MANILA- Freedom of expression is not absolute, Malacañang said Thursday after the United Nations human rights office flagged alleged violations of basic rights in the Philippines despite the ongoing COVID-19 crisis.
The United Nations Office of the High Commissioner on Human Rights, in its report, called attention to supposed efforts to vilify dissent in the Philippines. It said that while there are thousands of rights advocates in the Philippines, they have been subjected to attacks, with some groups being associated with communists or terrorists.
"Freedom of expression is not absolute; it is subject to derogation," Presidential Spokesman Harry Roque, a human rights lawyer, said in a Palace press briefing.
He cited the Bayanihan to Heal as One Act, which has a provision that penalizes persons spreading false information "geared to promote chaos, panic, anarchy, fear, or confusion" while the country is in a public health crisis.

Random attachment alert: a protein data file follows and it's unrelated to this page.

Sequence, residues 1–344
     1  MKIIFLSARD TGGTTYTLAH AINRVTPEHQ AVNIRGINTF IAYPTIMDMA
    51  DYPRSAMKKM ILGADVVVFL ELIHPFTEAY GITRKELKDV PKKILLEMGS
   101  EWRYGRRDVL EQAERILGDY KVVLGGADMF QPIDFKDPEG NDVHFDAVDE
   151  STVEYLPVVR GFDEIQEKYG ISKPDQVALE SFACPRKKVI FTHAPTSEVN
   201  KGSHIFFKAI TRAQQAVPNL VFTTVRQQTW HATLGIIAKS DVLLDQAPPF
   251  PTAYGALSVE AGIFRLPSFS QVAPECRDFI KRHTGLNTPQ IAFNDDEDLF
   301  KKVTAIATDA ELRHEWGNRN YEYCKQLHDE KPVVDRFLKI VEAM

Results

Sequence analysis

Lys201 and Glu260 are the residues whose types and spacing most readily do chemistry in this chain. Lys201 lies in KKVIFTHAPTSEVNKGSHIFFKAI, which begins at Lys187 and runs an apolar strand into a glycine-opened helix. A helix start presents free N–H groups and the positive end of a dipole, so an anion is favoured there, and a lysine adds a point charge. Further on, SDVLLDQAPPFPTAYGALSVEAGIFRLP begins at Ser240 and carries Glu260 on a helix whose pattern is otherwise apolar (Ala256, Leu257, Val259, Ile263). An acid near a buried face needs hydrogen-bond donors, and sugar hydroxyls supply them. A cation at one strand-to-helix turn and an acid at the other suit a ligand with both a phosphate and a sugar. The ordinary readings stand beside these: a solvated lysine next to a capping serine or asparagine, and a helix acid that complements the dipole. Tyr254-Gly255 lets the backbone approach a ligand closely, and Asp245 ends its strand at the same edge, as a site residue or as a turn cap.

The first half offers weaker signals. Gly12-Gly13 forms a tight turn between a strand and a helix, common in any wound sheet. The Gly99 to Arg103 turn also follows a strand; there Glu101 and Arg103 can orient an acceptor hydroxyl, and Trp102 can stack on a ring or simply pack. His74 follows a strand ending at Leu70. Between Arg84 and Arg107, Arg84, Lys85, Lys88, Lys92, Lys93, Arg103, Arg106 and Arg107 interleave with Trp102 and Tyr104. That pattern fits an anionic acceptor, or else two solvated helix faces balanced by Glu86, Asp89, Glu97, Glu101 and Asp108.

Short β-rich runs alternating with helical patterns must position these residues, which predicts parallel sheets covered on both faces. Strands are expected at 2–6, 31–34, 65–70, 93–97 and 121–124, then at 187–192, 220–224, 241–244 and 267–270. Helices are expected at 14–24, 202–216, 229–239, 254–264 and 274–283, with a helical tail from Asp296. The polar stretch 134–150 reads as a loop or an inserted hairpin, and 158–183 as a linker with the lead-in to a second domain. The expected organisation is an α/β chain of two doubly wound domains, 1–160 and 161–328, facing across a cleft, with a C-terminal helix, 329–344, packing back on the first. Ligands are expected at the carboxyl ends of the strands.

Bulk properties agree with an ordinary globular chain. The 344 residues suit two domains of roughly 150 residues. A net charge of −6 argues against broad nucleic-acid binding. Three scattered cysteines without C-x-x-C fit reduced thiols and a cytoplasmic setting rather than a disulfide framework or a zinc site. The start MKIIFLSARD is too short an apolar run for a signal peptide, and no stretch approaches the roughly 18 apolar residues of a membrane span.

Despite this provision, Roque said the justice system in the country works with many of the cases against those accused of spreading of false information dismissed.
"Ang magandang balita naman po ay gumagana po ang ating institutions, lalung-lalo na ang ating hukuman," he said.
(Our institutions are working, especially the courts.)
"At marami po sa mga nakasuhan ay dinismiss [dismissed] naman po ng ating piskalya pa lamang ang mga kasong ito. So the system works po," he added.
(Many of the charges were dismissed by prosecutors. So the system works.)